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Methicillin-resistant Staphylococcus aureus in hip fracture

routine screening and decolonization of trauma patients may reduce rates of MRSA infection but not overall deep infection rates or mortality

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Infection after surgery increases treatment costs and is associated with increased mortality. Hip fracture patients have historically had high rates of methicillin-resistant Staphylococcus aureus (MRSA) colonization and surgical site infection (SSI). This paper reports the impact of routine MRSA screening and the “cleanyourhands” campaign on rates of MRSA SSI and patient outcome.


A total of 13,503 patients who presented with a hip fracture over 17 years formed the study population. Multivariable logistic regression was performed to determine risk factors for MRSA and SSI. Autoregressive integrated moving average (ARIMA) modelling adjusted for temporal trends in rates of MRSA. Kaplan-Meier estimators were generated to assess for changes in mortality.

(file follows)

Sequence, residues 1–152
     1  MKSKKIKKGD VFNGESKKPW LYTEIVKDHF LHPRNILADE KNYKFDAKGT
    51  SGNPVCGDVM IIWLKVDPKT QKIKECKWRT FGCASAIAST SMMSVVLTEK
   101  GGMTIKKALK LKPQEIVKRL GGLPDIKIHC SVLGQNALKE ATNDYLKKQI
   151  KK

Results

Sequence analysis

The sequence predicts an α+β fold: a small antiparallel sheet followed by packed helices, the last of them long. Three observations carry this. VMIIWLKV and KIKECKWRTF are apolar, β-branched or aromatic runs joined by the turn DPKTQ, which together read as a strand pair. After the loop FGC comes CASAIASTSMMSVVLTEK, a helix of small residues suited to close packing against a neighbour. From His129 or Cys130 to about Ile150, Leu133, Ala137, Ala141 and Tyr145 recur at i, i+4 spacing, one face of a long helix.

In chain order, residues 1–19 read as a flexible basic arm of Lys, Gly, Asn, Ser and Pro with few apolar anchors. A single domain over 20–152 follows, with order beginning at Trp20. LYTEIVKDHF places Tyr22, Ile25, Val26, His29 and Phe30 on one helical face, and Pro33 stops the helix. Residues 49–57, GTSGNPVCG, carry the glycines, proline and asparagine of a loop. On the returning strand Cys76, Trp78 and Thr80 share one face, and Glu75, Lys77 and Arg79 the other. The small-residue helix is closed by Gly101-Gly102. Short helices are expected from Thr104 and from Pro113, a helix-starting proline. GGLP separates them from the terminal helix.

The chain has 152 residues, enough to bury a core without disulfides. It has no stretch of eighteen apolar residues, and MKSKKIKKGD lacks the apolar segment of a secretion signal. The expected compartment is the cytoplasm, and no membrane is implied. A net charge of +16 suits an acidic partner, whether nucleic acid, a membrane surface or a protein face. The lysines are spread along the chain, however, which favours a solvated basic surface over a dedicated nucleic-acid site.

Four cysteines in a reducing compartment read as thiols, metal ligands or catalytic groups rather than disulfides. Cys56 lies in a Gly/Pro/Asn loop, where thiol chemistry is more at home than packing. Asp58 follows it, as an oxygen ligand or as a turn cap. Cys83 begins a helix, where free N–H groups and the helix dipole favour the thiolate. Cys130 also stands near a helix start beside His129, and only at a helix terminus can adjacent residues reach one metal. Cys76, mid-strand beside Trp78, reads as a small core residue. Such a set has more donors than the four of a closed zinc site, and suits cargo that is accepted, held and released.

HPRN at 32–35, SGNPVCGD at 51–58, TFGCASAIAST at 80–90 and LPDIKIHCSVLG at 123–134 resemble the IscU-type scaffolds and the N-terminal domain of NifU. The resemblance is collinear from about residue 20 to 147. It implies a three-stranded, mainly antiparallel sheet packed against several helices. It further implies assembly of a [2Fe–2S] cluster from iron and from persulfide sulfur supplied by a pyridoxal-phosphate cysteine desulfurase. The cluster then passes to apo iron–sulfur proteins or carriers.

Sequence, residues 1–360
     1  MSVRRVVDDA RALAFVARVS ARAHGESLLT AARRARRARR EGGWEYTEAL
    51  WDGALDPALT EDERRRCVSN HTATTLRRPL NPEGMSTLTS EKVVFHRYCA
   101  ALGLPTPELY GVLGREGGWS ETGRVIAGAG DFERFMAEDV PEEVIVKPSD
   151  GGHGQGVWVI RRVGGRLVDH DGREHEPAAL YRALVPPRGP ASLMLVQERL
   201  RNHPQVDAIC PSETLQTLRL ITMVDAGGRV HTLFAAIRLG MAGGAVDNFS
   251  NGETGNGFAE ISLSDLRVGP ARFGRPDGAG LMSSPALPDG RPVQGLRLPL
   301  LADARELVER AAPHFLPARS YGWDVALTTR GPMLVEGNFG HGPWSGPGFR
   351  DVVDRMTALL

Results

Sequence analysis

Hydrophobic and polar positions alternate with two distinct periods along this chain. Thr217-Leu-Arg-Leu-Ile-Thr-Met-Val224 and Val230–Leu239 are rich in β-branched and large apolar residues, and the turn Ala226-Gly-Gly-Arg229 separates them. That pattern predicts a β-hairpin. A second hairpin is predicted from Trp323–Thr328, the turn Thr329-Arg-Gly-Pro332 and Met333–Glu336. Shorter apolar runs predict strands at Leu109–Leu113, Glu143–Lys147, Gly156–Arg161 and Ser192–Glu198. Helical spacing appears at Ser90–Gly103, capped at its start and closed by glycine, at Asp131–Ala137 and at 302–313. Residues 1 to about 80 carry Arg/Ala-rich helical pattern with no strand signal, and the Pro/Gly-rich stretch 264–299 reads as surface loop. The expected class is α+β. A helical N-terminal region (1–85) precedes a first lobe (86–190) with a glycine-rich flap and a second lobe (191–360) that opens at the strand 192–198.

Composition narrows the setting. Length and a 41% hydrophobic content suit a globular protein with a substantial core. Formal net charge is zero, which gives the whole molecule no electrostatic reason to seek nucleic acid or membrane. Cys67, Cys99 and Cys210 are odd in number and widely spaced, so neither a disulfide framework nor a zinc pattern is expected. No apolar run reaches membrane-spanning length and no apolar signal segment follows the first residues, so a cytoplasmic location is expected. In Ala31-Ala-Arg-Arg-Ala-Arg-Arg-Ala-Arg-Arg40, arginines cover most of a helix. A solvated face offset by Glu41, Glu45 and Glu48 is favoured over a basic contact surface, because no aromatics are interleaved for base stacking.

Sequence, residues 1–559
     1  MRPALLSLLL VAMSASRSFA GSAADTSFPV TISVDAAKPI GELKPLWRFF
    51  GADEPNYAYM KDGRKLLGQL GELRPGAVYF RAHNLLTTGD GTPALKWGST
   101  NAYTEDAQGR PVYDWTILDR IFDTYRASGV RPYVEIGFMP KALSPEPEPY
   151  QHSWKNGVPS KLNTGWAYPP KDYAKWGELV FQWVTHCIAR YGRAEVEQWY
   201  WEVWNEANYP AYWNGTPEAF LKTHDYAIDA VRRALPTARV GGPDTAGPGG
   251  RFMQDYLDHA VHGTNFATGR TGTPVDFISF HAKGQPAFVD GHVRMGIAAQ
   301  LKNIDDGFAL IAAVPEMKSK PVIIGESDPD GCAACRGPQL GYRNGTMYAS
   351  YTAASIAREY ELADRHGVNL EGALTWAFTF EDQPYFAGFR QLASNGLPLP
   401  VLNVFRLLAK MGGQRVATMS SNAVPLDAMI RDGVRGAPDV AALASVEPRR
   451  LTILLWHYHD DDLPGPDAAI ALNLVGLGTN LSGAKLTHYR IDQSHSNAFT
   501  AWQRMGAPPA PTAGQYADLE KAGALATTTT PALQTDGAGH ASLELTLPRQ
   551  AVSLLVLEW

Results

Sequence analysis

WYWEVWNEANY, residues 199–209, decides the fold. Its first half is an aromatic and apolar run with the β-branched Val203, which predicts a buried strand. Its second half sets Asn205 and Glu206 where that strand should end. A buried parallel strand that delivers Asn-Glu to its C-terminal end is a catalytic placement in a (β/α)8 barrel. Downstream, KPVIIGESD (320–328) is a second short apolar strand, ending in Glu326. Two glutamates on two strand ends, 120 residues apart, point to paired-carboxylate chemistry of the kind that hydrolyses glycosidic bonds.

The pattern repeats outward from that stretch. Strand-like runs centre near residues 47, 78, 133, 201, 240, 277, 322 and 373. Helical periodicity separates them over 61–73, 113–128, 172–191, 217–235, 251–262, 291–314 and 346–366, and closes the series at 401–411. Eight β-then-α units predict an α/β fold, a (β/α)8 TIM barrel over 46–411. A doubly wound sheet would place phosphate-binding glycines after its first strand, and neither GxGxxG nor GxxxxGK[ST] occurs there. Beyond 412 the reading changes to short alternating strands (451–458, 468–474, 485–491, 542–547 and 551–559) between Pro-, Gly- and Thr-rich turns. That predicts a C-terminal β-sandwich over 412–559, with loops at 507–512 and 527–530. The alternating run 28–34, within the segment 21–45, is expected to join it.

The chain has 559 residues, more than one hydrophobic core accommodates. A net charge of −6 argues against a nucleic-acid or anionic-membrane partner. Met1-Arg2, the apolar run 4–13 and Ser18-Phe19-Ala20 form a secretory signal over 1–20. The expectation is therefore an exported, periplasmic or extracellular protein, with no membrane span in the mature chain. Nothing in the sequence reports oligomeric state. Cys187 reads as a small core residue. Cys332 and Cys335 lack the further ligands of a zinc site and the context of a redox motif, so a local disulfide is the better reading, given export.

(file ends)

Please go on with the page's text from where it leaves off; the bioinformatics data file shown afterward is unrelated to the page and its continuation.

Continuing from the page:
In all, 6,189 patients were identified before the introduction of screening and 7,314 in the post-screening cohort. MRSA infection fell from 69 cases to 15 in the post-screening cohort (p < 0.001). The ARIMA confirmed a significant reduction in MRSA SSI post-screening (p = 0.043) but no significant impact after hand hygiene alone (p = 0.121). Overall SSI fell (2.4% to 1.5%), however deep infection increased slightly (0.89% to 1.06%). ARIMA showed neither intervention affected overall SSI (“cleanyourhands” -0.172% (95% confidence interval (CI) -0.39% to 0.21); p = 0.122, screening -0.113% per year, (95% CI -0.34 to 0.12); p = 0.373). One-year mortality after deep SSI was unchanged after screening (50% vs 45%; p = 0.415). Only warfarinization (OR 3.616 (95% CI 1.366 to 9.569); p = 0.010) and screening (OR 0.189 (95% CI 0.086 to 0.414); p < 0.001) were significant covariables for developing MRSA SSI.


While screening and decolonization may reduce MRSA-associated SSI, the benefit to patient outcome remains unclear. Overall deep SSI remains an unsolved problem that has seen little improvement over time. Preventing other hospital-associated infections should not be forgotten in the fight against MRSA.

Cite this article: Bone Joint J 2021;103-B(1):170–177.

Correspondence should be sent to Simon Craxford. E-mail:

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